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Quick Post: Returning From Being an Ex-Pat

CNN had this mildly humorous, incredibly truthful article about what it’s like to return from a life abroad.  I will co-sign pretty much everything in this article.  Coming home is far worse than leaving, and everyone I’ve ever talked to who has been an ex-pat will probably agree with me.  Coming home from Germany was one of the worst experiences of my life.  It took me almost a year to finally readjust to living in the US again.

I think the biggest problem with coming home is that you expect everything to be the same, and you expect that everyone and everything will have paused while you took a big “time out” from your life in the US.  The problem is that you can never step into the same river twice, because it’s always moving.  … This might be slightly less true if you’re from bum-f**k nowhere like me.  Jacksonville, Illinois, hasn’t changed much since, well, ever.  I think the only major change has been perhaps in the demographic, as there seem to be more old people now.

Anyway, I found this to be a pretty humorous read, so if you, like me, have ever been an angry ex-pat who just got off the plane and can’t stand to listen to the American accent for one more minute, this article is for you.  Man, I remember getting off the plane in Atlanta coming back from Germany, and having to listen to everyone’s obnoxious American English drove me to distraction.  I wanted to punch everyone around me, except the travelers speaking another language.  I think I’d gotten so used to being able to tune out the German, somewhat, that being forced to listen to my native language constantly was actually annoying.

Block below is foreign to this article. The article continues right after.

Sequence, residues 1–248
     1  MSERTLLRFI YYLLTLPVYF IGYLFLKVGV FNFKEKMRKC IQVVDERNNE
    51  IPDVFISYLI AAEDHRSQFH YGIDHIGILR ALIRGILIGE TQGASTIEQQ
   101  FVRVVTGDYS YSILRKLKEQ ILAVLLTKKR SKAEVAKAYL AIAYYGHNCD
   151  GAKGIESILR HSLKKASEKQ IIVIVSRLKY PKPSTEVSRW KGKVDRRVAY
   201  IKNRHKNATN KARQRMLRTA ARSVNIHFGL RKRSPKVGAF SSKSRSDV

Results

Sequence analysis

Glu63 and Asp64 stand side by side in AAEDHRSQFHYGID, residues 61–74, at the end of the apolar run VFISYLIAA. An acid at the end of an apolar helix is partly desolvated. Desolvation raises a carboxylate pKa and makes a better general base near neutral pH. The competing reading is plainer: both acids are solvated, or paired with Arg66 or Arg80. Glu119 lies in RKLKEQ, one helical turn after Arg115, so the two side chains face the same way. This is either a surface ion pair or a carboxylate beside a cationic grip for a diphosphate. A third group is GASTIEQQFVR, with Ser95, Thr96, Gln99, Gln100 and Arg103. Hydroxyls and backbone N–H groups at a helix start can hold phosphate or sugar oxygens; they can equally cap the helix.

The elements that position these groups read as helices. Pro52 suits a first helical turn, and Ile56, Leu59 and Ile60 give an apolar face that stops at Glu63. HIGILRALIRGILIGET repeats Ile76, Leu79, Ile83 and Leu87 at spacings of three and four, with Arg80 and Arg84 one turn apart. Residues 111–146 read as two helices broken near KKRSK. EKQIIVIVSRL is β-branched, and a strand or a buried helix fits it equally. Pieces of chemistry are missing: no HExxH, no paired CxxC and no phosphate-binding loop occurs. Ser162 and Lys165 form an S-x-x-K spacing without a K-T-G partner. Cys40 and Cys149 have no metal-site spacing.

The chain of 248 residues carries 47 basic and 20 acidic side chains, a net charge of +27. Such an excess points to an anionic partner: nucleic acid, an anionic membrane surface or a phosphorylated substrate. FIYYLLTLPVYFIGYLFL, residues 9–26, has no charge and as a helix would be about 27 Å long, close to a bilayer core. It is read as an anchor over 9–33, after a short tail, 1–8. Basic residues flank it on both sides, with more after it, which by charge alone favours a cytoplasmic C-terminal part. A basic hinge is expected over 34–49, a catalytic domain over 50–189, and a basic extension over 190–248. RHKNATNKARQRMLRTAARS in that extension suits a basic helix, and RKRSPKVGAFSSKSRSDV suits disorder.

This is another thing that most people don’t think about, but you really have to watch your mouth.  I find that I develop a sailor’s mouth while I’m abroad, if for no other reason than most people in the new country don’t understand colorful English language.  You have to really start watching yourself when you get home.  On a similar note, you can’t talk about the people around with impunity, since everyone around you can understand you.  I guess that means that you have to start speaking your new language whenever you want to throw shade at people.  Good thing that I’m relatively confident that there aren’t many German or Korean speakers in downstate Illinois.  Actually, I’m fairly convinced that unless they are of Asian descent, most Americans don’t have a clue about any Asian language, so there you go.

And oh yeah, the thing about constantly comparing America to the other countries you visited?  Americans absolutely don’t give a shit.  They don’t.  America is too geographically isolated for Americans to care about anywhere else in the world, I’m convinced.

Ah, reverse culture shock.  Can’t wait!

CNN: Ultimate checklist for returning US ex-pats